Freeloaders, beware — Georgia will no longer pay for your slovenly lifestyle.
A new law in Georgia requiring food stamp recipients to find work has led to a 62 percent drop in enrollment. Over 7,000 residence have withdrawn from food stamp benefits since the requirement was implemented.
The new rules require anyone who is able-bodied and child-free to work at least 20 hours a week, be enrolled in a work training program, or volunteer at a state-approved non-profit group (or charity).
Over 11,000 food stamp recipients were targeted in the second phase of the work requirement roll out. About 100,000 food stamp recipients are able bodied and without children across Georgia.
The program was originally launched in January 2016. Three counties were selected as a trial for the changes, and administrators noticed a 60 percent drop in enrollment among the targeted groups.
The work requirements have now been spread to 21 additional counties, and the state plans to extend the program across all of Georgia before the end of 2019.
“This is about protecting taxpayer dollars from abuse, and taking people off the cycle of dependency,” said State Representative Greg Morris. The drop in enrollment, he claims, “shows how tax dollars are abused when it comes to entitlements.”
Georgia has seen a sharp decline in the number of able-bodied beneficiaries of food stamps without children. Over the last year, more than 20,000 able-bodied Georgians dropped out of the welfare program.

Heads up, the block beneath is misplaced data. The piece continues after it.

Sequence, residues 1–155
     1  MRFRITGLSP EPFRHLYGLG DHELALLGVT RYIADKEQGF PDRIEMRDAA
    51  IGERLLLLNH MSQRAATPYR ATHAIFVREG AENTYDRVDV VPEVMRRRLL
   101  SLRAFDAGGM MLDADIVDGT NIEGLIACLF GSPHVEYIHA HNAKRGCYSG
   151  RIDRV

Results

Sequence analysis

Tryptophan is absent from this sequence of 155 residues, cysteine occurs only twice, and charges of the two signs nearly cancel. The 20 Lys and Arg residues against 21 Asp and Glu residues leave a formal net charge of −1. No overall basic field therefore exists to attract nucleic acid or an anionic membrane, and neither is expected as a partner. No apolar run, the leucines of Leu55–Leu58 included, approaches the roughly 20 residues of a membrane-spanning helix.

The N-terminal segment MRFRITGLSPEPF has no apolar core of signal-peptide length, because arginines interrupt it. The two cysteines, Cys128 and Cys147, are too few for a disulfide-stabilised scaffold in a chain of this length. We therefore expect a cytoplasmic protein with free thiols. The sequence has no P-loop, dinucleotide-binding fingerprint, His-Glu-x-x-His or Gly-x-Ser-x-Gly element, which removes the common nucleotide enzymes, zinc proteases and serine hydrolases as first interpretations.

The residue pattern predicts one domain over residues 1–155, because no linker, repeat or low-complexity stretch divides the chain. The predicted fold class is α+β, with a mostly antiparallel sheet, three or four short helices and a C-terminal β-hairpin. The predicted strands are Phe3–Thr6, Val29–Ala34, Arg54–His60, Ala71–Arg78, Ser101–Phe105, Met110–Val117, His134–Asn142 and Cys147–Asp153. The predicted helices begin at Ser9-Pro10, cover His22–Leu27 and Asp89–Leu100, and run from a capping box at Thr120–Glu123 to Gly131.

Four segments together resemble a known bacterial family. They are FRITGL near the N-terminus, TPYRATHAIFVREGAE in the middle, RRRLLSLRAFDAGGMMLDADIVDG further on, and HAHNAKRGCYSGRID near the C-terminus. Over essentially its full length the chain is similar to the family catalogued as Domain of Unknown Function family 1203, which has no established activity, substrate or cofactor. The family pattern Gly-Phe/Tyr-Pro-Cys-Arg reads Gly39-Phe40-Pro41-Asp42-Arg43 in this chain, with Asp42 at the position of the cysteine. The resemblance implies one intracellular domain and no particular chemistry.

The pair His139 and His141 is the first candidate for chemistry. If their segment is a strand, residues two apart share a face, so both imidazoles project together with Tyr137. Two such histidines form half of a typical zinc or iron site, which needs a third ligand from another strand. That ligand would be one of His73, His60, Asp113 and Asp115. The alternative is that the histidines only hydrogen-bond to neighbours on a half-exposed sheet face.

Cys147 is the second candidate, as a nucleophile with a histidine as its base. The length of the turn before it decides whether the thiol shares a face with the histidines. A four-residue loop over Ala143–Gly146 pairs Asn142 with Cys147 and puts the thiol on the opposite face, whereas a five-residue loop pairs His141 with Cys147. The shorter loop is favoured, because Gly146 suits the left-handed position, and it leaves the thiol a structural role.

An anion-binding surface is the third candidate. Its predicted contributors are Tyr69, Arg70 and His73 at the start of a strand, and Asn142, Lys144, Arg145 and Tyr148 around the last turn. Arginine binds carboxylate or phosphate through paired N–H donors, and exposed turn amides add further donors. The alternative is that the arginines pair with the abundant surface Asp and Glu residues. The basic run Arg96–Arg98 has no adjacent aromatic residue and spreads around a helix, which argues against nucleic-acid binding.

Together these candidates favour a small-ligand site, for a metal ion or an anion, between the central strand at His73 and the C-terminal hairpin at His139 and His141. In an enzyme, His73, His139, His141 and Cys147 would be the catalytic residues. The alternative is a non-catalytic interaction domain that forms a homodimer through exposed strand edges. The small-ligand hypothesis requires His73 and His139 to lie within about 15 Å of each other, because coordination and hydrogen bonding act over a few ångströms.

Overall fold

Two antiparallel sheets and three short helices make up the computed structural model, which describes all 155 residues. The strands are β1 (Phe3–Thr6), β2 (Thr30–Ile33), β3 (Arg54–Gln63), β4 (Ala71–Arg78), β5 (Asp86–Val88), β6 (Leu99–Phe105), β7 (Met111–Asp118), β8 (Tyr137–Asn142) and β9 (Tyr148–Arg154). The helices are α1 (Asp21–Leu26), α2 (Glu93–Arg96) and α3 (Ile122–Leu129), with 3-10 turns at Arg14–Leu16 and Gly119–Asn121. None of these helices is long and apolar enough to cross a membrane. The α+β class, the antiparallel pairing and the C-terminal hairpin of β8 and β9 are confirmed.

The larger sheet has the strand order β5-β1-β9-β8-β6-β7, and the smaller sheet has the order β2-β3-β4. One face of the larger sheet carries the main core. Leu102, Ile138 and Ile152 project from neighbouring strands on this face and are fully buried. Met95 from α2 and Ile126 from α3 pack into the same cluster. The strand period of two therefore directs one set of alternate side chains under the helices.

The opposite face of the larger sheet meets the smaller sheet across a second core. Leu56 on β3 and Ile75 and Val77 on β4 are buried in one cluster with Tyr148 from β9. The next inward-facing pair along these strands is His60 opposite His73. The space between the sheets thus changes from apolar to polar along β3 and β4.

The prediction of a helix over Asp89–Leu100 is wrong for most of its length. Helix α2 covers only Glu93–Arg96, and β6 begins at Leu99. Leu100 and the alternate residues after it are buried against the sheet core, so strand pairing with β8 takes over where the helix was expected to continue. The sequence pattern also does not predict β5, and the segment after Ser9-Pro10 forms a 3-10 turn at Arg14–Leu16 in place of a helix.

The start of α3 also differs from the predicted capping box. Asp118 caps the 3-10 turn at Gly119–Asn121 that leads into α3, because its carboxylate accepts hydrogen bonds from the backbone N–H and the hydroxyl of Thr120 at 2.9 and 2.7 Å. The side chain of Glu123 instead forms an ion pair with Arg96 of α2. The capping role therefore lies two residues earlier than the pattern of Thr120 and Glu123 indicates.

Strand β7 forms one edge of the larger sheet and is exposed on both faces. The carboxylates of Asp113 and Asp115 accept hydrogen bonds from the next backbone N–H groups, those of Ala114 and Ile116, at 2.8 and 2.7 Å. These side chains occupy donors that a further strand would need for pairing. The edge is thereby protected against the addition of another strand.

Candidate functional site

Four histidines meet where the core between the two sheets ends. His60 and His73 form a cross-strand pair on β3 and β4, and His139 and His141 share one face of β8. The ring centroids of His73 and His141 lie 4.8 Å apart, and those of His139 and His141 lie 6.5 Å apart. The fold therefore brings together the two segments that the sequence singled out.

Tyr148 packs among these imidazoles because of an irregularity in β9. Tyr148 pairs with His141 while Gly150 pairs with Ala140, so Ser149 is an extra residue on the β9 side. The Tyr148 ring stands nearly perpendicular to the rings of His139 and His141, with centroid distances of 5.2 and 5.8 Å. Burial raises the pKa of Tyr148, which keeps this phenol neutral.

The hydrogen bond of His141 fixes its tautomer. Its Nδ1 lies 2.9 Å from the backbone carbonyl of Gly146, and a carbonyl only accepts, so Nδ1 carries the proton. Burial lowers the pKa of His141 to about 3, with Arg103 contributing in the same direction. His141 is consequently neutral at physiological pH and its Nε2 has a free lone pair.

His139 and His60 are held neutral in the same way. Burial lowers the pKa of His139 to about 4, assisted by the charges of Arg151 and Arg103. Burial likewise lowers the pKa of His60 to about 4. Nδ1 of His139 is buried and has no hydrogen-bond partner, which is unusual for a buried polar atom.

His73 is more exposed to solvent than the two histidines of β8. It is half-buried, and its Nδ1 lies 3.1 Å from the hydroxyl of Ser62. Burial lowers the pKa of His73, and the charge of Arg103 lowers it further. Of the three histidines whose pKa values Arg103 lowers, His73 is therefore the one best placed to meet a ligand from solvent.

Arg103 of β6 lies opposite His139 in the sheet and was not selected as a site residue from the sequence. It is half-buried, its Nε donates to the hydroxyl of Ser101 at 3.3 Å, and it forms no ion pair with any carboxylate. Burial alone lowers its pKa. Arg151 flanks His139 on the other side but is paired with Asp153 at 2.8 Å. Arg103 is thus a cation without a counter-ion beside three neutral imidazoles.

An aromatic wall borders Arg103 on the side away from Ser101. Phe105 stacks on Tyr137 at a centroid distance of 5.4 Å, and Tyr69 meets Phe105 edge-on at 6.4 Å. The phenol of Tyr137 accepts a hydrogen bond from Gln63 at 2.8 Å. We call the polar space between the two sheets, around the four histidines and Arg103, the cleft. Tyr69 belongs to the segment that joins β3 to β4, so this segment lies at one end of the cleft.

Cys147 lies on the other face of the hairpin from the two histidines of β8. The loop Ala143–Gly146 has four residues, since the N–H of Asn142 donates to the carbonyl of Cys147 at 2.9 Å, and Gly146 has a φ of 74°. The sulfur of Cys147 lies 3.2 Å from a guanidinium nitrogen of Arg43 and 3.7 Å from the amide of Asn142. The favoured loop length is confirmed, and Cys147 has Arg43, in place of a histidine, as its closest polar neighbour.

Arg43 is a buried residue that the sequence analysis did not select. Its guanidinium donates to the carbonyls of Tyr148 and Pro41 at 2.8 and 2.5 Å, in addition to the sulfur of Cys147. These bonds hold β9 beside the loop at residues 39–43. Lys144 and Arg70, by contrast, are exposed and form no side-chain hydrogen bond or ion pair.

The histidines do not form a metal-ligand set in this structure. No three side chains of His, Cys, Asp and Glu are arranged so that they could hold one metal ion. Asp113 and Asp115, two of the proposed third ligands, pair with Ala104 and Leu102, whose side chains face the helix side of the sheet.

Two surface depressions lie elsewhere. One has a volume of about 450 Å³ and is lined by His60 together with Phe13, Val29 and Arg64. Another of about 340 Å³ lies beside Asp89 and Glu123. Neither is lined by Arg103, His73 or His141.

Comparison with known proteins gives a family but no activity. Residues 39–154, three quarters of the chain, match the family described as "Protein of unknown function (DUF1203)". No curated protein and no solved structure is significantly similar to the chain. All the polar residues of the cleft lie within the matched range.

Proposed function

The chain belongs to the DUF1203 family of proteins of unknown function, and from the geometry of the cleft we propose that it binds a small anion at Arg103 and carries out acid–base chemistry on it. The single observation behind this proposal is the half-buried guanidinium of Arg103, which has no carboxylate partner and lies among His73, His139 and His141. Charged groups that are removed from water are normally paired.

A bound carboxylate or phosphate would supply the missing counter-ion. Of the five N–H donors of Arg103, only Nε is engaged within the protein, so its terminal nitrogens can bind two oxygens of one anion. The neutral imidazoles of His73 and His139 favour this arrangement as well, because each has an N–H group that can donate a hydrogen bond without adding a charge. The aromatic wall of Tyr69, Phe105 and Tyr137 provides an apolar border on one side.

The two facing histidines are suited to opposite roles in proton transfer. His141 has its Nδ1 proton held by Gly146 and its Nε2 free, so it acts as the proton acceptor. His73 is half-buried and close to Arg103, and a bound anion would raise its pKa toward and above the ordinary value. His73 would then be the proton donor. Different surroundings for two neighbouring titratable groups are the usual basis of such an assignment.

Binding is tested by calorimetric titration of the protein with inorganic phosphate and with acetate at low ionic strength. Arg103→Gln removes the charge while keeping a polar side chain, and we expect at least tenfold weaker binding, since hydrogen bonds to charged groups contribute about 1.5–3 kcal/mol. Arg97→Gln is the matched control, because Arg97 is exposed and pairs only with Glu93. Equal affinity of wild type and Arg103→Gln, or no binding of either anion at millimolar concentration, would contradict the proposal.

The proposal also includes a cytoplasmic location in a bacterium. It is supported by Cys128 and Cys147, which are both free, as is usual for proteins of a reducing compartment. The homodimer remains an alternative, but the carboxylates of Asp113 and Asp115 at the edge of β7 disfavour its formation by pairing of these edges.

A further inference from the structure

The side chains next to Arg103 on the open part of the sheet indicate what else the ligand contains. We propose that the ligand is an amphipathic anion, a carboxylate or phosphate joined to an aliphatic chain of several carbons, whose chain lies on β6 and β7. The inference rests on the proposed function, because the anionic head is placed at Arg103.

Liberals are objecting to the work-requirements, which they consider cruel. Critics claim that the rule change will target the disabled, who are unable to hold meaningful employment. However, the work-requirement only targets those who are capable of holding a job.
Others argue that these changes could impact mothers. “Mothers who had access to this program had fewer low weight babies. Children who have received stamps are performing better in schools,” explained Georgia poverty advocate Jen Singeisen. Again, however, liberals are missing the point that the laws do not target parents.
The real reason liberals oppose these policies is not because they target the disabled or parents, but because they don’t believe in the value of work. A hard-working liberal is as rare a sight as any.
The program has been widely successful. The sharp decline in enrollment tells us that many people have already been able to find work after receiving a slight kick in the pants.
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